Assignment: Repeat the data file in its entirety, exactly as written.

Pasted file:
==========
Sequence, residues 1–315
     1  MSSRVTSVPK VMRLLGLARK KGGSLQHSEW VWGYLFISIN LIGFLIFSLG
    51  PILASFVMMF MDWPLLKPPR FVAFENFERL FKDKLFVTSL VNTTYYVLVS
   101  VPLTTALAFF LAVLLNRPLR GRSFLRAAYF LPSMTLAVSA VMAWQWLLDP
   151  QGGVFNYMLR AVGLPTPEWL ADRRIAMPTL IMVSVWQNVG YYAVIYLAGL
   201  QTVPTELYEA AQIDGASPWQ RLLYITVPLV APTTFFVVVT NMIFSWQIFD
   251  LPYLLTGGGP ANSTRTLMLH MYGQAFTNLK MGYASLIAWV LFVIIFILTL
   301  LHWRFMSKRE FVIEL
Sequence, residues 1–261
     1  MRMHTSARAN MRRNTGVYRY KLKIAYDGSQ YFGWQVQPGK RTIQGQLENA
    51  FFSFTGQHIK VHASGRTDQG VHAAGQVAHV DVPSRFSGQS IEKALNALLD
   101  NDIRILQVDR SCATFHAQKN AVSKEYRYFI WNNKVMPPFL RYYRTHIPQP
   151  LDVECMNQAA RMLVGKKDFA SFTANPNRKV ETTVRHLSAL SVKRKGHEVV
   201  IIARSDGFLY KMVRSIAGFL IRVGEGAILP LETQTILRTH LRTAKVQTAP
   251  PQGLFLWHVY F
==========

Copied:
Sequence, residues 1–315
     1  MSSRVTSVPK VMRLLGLARK KGGSLQHSEW VWGYLFISIN LIGFLIFSLG
    51  PILASFVMMF MDWPLLKPPR FVAFENFERL FKDKLFVTSL VNTTYYVLVS
   101  VPLTTALAFF LAVLLNRPLR GRSFLRAAYF LPSMTLAVSA VMAWQWLLDP
   151  QGGVFNYMLR AVGLPTPEWL ADRRIAMPTL IMVSVWQNVG YYAVIYLAGL
   201  QTVPTELYEA AQIDGASPWQ RLLYITVPLV APTTFFVVVT NMIFSWQIFD
   251  LPYLLTGGGP ANSTRTLMLH MYGQAFTNLK MGYASLIAWV LFVIIFILTL
   301  LHWRFMSKRE FVIEL
Sequence, residues 1–261
     1  MRMHTSARAN MRRNTGVYRY KLKIAYDGSQ YFGWQVQPGK RTIQGQLENA
    51  FFSFTGQHIK VHASGRTDQG VHAAGQVAHV DVPSRFSGQS IEKALNALLD
   101  NDIRILQVDR SCATFHAQKN AVSKEYRYFI WNNKVMPPFL RYYRTHIPQP
   151  LDVECMNQAA RMLVGKKDFA SFTANPNRKV ETTVRHLSAL SVKRKGHEVV
   201  IIARSDGFLY KMVRSIAGFL IRVGEGAILP LETQTILRTH LRTAKVQTAP
   251  PQGLFLWHVY F